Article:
Yes, I recently put a front and rear on a Glock 17, just to try out this style of sights. They are older models, bought from a store that was going out of business, so they may not represent the latest cutting-edge technology of this style of sights, but I think most of my observations will still apply.
They are eye-grabbingly bright outdoors, or indoors under tube-type lights, but most folks who have been using them (or seen them used) on competition guns will tell you they are a bit more fragile than solid metal sights. If you drop it on the floor, once, and it hits on the sights, the sights are probably toast. If you rush a draw and bang it on a doorframe or steel chair arm or table edge, same thing. There just isn't as much metal support around the plastic tube, and the tube itself is far more fragile than a steel sight blade or a night-sight vial that is almost fully embedded in (and protected by) a steel sight blade.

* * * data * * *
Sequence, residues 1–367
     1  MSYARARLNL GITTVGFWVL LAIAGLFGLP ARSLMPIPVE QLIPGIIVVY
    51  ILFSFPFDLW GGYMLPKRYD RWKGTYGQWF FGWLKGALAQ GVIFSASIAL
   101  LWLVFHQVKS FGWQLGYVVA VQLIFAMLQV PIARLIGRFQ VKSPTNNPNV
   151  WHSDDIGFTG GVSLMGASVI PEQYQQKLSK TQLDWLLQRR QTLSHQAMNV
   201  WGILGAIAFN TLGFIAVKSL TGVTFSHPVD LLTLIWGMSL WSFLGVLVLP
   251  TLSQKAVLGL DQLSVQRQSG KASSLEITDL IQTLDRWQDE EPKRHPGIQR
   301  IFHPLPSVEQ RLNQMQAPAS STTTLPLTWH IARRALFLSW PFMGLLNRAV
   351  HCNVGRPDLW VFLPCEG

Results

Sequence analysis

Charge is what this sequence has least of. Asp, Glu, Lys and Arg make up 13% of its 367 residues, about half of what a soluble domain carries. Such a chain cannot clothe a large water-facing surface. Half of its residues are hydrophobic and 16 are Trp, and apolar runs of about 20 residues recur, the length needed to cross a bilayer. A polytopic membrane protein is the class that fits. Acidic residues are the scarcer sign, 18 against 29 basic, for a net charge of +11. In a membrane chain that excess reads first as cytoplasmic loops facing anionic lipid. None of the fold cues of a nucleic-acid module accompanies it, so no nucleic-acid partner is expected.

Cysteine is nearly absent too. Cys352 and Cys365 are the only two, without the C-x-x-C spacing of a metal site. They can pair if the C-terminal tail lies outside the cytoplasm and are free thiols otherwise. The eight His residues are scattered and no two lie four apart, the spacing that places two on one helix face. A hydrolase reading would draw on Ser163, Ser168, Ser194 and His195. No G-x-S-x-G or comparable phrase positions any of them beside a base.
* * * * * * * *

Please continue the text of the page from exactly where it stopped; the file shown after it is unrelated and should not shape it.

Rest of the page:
Installation isn't difficult; most of the front sights are held on by a tiny hex-head screw which passes up through the bottom of the slide into the body of the sight. The hardest part is finding a thin-walled 3/16ths-inch nut driver that will clear the front wall of the slide during installation, but I understand that some companies are fixing that problem now by including an installation tool with the sights. Use a tiny dab of LocTite or other "screw glue" to keep it from loosening, and make sure it's square to the rear sight (it is possible to get it slightly crooked/angled, and you don't want the adhesive to harden with it that way), then let it set-up for a day or so before you shoot it.
If you don't want to tackle it yourself, and you have any kind of half-talented gunsmith in your area, s/he should be able to do it in 30-60 minutes. Sometimes vendors at gun shows will put them on while you wait, for a small up-charge.
"Placement is power" -- seen in an article by Stephen A. Camp
(RIP, Mr. Camp; you will be remembered, and missed)